Experiences of Undocumented Parents Reuniting with Children Who Entered the United States as Unaccompanied Minors

Maryam Rafieifar, Miriam Potocky, Hui Huang, Richard L. Beaulaurier, Sloan Bruan Lorenzini

Research output: Contribution to journalArticlepeer-review

3 Scopus citations


In 2021, the United States saw an exponential influx of unaccompanied migrant children crossing the U.S.–Mexico border. Upon apprehension at the border, unaccompanied children are placed in the Office of Refugee Resettlement (ORR) temporary shelter facilities. The ORR is responsible for locating, vetting, and releasing the children to their family, guardians, or a suitable sponsor. Undocumented parents seeking reunification may fear cross-examination and background checks. This study aimed to explore the experiences of undocumented families reunified with their children with the help of a community-based organization (CBO). A collective case study method was used to collect qualitative data from seven parents. Respondent parents expressed their rationale for allowing their children to cross the U.S.–Mexico border, their experience with the ORR, and the reasons they pursued community-based guidance. The results document the depth of trauma and difficulties parents of unaccompanied migrant children face with American service providers. It is recommended that immigration-related government agencies form relationships with culturally diverse organizations that are trusted by immigrant communities.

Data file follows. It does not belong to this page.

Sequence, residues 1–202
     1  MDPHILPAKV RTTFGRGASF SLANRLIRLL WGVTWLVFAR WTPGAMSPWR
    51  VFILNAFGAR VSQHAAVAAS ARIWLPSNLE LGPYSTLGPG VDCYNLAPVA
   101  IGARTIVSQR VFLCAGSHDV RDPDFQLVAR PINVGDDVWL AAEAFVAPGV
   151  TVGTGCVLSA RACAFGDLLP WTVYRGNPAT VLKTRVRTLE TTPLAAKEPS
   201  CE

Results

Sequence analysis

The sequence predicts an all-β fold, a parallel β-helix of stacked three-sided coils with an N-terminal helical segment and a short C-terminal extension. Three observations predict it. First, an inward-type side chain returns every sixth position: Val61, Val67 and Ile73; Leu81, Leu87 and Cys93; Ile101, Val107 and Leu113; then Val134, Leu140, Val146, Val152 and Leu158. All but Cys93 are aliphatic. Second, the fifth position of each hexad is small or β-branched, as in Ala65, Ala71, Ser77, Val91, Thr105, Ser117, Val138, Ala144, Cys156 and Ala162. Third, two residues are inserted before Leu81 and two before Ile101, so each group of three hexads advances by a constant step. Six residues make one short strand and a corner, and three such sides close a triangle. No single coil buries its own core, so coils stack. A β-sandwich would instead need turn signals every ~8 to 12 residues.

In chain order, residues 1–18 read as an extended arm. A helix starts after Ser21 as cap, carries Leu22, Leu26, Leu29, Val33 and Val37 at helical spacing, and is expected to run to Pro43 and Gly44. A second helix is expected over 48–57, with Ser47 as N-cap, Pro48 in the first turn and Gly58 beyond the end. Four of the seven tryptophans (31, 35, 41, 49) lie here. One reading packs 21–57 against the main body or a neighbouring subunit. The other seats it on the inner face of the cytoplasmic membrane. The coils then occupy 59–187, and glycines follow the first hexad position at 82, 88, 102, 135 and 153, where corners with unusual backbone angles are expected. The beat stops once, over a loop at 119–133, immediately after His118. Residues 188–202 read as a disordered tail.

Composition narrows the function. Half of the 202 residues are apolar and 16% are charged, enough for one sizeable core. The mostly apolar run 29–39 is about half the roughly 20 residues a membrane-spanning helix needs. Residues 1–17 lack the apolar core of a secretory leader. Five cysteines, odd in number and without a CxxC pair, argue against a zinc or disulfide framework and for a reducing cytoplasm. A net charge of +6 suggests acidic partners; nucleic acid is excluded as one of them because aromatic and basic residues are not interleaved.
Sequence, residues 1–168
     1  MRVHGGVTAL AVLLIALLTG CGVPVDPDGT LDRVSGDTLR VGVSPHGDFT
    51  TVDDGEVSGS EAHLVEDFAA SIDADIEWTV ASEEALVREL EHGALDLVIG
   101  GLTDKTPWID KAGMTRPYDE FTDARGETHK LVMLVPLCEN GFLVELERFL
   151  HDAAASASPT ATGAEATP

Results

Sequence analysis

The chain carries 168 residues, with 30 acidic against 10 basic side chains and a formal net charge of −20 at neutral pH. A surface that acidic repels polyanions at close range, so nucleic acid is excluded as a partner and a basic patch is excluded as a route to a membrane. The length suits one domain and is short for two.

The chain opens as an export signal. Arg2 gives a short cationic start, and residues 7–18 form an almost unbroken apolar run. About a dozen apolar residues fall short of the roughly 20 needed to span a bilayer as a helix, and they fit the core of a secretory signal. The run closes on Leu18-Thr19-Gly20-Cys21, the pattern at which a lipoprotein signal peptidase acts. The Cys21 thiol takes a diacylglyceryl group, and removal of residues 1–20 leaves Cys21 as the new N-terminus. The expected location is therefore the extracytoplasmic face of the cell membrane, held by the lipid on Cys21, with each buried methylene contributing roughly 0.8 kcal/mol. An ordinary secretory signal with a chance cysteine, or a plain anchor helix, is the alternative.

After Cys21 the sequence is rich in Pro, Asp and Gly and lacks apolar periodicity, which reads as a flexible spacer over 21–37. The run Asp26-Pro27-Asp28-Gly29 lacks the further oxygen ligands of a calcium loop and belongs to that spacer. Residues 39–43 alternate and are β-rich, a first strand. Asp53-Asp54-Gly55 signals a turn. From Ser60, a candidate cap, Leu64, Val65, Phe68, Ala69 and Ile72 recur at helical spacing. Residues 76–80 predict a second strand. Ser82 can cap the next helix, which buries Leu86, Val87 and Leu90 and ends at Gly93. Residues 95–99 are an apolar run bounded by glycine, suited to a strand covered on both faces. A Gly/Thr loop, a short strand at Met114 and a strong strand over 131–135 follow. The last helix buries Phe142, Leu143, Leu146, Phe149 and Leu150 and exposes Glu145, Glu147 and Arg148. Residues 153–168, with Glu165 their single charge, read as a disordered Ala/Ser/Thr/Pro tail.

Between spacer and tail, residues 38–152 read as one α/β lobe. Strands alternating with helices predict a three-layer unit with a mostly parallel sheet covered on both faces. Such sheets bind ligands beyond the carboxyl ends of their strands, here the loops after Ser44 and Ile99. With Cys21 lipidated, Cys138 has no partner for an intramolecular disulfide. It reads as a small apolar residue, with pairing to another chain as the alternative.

Original languageEnglish
Article number4496
JournalInternational Journal of Environmental Research and Public Health
Issue number5
StatePublished - Mar 2023


  • community-based organization
  • family reunification
  • family separation
  • immigration
  • unaccompanied migrant children


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